Congratulations to Claire Sparling, one of five recipients of the 2016 MCC Bursary! Claire participated in a week long apprenticeship with master weaver Rob Stone in Kansas City, Missouri. Read below for Claire’s report of the experience.
Project report for blanket making with Robert Stone project
In the five days spent in Robert Stone’s workshop I learned that, despite the “simplicity of the process of blanket making” there are levels of complexity to the process I had not considered.
The first day in the shop, we discussed various styles of blanket and within 45 minutes he had me sitting at the loom working the fly shuttle. The process of weaving is quite simple: step on one pedal, pull the rope, slam the beater, step on the next pedal, push the beater back and repeat. Within a few hours I had woven an entire blanket! This was not the whole process.
The next day my arms were really, really, really sore! I practiced winding the bobbins that would be used for the next blanket. This is a process that requires much precision. I also started warping another loom. This process is the preparation to the weaving process, starting with measuring out all the threads that run the length of the fabric. Then each thread had to be tied on to the loom. This took the rest of the day.
Day 3 was fulling day! We prepped the blankets by stitching them into a doughnut (this insured a more even shrinking). We hauled hot water to an ancient washing machine, put blankets in, two at a time, and ran them through two wash cycles. Every once and a while we stopped the machine, pulled out a corner of the blanket, and observed how the threads started to mat. Once the blankets were sufficiently fulled, we drained the water, set up the rinse cycle, and ran that. When the blankets were all rinsed out we laid them out on the driveway. The cement had enough grip that it allowed us to stretch out the blankets to allow them to dry.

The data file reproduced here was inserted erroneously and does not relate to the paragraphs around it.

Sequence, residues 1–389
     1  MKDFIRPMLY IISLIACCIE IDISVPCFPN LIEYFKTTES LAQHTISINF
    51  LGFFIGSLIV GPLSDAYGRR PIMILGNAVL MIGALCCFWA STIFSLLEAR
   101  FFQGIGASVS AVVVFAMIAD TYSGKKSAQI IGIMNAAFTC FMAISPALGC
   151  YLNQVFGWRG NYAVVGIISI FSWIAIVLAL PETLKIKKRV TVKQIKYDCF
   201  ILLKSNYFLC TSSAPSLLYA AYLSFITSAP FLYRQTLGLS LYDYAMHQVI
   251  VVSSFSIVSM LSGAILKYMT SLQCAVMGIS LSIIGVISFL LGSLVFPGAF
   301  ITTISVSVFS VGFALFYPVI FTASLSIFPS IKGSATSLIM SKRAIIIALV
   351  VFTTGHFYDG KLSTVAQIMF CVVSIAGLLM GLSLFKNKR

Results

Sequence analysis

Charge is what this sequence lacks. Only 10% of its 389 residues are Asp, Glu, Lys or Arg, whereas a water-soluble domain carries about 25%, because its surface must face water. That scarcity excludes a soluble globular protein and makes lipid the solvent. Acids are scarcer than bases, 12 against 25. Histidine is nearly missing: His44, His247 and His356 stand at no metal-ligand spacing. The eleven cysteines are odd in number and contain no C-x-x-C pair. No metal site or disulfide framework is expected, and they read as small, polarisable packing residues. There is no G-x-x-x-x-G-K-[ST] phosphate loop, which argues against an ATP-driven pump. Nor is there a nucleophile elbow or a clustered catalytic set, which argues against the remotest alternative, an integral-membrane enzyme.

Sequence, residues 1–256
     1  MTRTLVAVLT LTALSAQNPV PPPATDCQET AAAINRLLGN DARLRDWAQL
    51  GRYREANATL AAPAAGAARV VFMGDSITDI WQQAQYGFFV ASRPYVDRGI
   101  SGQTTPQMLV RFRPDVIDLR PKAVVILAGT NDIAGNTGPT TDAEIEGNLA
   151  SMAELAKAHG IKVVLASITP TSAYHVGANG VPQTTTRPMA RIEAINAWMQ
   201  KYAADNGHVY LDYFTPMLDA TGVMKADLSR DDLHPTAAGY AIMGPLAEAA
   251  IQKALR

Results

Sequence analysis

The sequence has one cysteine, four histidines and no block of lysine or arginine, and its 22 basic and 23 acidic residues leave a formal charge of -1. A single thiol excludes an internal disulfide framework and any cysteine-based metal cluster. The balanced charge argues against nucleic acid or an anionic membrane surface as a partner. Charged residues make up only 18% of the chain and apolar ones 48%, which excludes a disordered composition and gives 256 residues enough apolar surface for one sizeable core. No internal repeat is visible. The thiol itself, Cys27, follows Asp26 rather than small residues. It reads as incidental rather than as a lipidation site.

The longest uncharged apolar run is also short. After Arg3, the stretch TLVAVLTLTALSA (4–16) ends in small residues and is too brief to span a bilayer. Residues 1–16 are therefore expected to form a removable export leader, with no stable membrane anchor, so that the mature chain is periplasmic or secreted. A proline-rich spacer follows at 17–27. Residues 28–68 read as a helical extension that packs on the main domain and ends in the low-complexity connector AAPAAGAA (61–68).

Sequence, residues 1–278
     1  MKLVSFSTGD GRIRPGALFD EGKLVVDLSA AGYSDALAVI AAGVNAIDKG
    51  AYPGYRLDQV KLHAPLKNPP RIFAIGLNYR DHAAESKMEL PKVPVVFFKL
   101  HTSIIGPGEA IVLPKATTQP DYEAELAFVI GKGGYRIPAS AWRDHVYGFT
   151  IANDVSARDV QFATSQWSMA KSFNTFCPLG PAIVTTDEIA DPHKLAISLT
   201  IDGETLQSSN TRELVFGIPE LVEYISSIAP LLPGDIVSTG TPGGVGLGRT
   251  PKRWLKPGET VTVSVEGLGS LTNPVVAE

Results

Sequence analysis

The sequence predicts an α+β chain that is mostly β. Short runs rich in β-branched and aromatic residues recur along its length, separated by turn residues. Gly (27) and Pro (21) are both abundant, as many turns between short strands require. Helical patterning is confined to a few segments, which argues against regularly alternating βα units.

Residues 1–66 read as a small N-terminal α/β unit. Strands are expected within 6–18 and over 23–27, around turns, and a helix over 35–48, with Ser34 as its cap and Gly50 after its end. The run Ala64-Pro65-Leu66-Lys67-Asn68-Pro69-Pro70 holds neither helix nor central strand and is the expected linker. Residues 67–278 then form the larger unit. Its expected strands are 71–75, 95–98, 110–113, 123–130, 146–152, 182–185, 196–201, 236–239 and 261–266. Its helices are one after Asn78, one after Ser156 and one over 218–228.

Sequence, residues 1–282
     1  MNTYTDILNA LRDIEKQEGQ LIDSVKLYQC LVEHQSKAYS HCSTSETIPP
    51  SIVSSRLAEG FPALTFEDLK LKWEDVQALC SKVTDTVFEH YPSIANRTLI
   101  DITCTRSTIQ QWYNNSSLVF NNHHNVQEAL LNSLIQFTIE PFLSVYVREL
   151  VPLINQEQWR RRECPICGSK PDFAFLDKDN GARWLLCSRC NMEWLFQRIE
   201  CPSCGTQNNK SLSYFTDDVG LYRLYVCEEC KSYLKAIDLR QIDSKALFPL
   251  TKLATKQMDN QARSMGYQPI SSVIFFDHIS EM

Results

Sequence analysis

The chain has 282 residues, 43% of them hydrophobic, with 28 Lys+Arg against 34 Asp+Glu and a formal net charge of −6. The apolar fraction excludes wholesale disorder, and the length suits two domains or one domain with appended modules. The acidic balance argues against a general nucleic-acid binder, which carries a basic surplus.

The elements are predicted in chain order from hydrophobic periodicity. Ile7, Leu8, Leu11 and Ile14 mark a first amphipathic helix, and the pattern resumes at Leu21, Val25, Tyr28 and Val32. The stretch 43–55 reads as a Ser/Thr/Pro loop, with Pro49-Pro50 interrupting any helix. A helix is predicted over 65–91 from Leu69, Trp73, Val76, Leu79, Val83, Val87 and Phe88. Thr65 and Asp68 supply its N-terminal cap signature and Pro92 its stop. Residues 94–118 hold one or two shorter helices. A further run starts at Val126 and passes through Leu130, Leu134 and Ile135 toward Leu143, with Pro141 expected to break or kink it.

On Thursday we set up a large quilting frame outside, and stretched out the blankets. Then, with a soft cotton comb, proceeded to brush the nap of the blanket. This process is very physically involved, but gives the blanket the soft fuzziness typical of trade blankets. We spent the rest of the afternoon winding the warp on the loom, I had started to set up on Tuesday. This was a 15 yard warp, and every thread had to be kept in check and organized during the process. I learned much about stroking and flicking 1200 threads in order to get them to all lay at the same tension.
On the last day we went and visited an old Wool mill that had been operating from the 1850s to the early part of the 1900s. After a machine accident the whole place was shut down and therefore frozen in time, to be later turned into a museum. It was fascinating to see the differences between an industrial set up, and Robert Stone set up, which is essentially a cottage industry set up similarity to the way weavers worked, before the Industrial Revolution. The rest of that afternoon I spent weaving the second blanket, this time, a 2-2 twill point blanket.
During the whole week I had the opportunity to discuss weaving techniques, and research with Mr. Stone. This apprenticeship allowed me to obtain a greater understanding of how wool moves and behaves, which will allow me to explore this medium further, without having to go through the same pitfalls of experimentation that he did. He has given me a head start. Upon my return I attended the monthly meeting of the Manitoba Weavers and Fibre Artists’ guild, where I showed off the blanket I made during this week. They were all quite intrigued at the fulling technique, and the broad loom weaving, as it is not something that is done within the guild. I intend on building on the knowledge and skills I learned from Mr. Stone, and create a space and legacy where these skills can be taught to others.
Special thank you to the Manitoba craft Council, Manitoba arts Council and the Winnipeg arts Council that provided funding that allowed me to have this great experience.